7.Joe writes, " To add to the advice on this topic, it is easy to over tighten the screening thus bowing the frames inward. To avoid this, cut some braces from stock thinner than the frame so they will lay flat on your work surface, one for width and one for height. Then as you roll the spline in place, the resulting tension should be just right. I've used this trick on very large screens successfully. Ameridan: I wish had read Joe's technique before I started my project. I did a lot of over tightening and need to make a lot of adjusting after rolling the fabric onto the frame. Joe's techniques sound like a good way to avoid over tightening and save a lot of time.
8.My experience has been that aluminum screening is much tougher, harder to tear, and longer lasting than the fiberglass stuff. Ameridan: I was told the same thing.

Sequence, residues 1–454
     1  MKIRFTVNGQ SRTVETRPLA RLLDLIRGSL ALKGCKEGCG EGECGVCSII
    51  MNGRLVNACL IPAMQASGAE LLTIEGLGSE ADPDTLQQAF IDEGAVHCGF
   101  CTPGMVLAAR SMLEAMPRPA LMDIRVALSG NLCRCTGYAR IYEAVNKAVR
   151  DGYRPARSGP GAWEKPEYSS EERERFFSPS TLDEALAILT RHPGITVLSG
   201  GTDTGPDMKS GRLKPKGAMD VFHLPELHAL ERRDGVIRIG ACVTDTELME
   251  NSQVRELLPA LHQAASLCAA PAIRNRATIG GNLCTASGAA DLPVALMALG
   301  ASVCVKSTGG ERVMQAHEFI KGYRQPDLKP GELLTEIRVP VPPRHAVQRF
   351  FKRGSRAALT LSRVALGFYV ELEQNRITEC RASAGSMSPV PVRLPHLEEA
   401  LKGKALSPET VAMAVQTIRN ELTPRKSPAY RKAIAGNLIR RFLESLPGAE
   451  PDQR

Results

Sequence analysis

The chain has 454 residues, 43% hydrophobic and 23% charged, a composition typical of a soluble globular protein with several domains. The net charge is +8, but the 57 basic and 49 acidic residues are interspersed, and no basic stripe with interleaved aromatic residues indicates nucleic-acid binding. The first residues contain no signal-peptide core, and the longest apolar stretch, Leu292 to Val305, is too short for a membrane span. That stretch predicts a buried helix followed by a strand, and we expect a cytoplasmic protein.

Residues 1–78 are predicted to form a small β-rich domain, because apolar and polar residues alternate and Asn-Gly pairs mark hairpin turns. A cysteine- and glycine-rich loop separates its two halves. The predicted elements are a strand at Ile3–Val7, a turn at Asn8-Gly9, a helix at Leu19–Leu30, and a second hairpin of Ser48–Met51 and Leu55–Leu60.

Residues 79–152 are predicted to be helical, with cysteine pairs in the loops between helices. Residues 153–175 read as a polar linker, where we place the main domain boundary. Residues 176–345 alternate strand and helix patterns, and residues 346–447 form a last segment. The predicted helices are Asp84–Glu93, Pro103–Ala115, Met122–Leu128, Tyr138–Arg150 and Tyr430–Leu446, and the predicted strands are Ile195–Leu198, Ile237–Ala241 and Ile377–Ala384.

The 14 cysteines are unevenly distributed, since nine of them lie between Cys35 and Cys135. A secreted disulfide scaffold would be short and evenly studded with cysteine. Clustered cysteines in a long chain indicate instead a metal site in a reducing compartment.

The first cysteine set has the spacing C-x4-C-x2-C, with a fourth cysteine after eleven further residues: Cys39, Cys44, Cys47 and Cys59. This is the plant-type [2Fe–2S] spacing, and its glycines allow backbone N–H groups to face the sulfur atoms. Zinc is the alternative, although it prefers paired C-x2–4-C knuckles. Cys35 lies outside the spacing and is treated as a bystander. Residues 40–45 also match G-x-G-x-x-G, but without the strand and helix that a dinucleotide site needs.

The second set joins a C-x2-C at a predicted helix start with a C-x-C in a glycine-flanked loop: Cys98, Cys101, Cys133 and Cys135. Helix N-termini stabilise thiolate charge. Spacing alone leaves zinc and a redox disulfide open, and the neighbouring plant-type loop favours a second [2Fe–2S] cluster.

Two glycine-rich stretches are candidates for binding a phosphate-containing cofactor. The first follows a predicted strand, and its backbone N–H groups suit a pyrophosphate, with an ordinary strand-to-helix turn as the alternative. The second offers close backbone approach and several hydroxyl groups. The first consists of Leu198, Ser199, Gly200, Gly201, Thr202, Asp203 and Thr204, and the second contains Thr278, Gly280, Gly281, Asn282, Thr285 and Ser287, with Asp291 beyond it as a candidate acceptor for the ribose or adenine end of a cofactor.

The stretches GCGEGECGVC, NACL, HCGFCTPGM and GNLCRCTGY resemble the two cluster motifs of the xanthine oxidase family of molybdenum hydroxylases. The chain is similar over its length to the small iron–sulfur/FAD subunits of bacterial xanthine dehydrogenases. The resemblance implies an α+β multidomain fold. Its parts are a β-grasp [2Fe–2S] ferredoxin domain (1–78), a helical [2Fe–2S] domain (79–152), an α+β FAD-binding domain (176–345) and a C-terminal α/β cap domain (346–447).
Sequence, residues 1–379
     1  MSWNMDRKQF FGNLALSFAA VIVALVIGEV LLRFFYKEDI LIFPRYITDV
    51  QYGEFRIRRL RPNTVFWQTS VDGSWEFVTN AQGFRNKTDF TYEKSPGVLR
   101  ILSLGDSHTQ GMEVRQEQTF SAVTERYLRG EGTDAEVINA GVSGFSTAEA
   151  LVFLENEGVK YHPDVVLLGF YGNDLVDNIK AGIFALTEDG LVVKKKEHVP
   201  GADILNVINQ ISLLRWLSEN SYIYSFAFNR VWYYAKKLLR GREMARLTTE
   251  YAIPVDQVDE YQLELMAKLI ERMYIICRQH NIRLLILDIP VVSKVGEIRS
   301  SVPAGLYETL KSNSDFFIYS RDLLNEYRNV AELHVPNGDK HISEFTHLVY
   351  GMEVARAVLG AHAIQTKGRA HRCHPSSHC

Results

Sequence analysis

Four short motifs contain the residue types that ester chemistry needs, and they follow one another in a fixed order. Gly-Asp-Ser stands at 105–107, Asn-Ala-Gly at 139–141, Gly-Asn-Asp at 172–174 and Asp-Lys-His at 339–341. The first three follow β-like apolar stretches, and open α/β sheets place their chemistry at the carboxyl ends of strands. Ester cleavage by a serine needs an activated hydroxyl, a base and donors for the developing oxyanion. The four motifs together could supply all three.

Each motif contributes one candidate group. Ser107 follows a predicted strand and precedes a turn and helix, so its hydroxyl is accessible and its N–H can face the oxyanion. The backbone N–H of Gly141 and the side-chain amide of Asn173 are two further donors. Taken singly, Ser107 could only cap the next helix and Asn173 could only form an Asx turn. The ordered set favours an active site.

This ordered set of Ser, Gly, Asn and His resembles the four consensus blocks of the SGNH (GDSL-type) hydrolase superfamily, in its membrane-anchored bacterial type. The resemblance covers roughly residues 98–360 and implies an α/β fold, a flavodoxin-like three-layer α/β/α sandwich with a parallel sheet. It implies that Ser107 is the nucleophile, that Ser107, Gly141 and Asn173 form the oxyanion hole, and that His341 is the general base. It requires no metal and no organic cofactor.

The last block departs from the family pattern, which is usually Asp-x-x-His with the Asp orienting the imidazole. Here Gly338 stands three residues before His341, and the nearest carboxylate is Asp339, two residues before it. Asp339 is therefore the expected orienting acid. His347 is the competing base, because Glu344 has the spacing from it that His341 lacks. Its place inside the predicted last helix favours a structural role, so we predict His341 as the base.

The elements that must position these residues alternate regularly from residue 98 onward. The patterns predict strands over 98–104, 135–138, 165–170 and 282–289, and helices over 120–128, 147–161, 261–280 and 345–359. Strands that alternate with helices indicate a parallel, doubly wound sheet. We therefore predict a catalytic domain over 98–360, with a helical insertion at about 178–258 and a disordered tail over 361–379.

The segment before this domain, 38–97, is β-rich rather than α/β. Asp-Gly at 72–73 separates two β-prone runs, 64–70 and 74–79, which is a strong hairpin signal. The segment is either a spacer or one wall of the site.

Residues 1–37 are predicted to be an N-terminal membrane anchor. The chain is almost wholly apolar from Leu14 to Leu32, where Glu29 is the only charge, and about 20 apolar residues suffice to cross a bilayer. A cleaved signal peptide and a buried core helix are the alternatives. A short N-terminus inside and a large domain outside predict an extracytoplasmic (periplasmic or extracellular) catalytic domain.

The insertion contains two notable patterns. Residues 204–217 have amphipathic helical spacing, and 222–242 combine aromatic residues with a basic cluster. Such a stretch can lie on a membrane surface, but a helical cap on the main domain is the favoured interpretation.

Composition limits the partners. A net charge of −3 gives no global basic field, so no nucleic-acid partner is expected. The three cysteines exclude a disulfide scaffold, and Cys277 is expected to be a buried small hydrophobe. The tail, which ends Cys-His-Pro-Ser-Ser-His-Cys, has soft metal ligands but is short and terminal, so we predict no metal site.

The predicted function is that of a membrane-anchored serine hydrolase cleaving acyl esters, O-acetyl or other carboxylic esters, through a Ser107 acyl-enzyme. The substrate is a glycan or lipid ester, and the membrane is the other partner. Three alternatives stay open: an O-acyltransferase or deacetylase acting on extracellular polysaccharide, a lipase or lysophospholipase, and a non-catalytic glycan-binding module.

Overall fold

9.I don't know if you would be able to install it in your plastic frames. Ameridan: You might be able to install the fiberglass material, but it is unlikely that you will be able to install the Suntex material. It is much heavier.
I found that all most all professional installations of solar screen was with Phifer Suntex. (I use Black, Suntex 90%.) When I asked why, the answer was always that it lasted longer and did not fade as quickly as the other products on the market. In the final analysis, a local window screen company gave me an estimate of $4,600 for 19 windows. By doing it my self, it took me two weeks at 2 windows a night and $546.00 in material purchased at http://www.onlinesolarscreens.com/index.htm?catalog.htm&1 . My only complaint with this company was the length of time it took to ship the product (8 business days) and they did not provide me with a UPS tracking number, but there customer service was fantastic. Also, it was easy to overlook this when I realized that I saved ~ $4,000. So, there is my 2 cents. If anyone has a different experience, I am very interested in hearing about it
Ameridan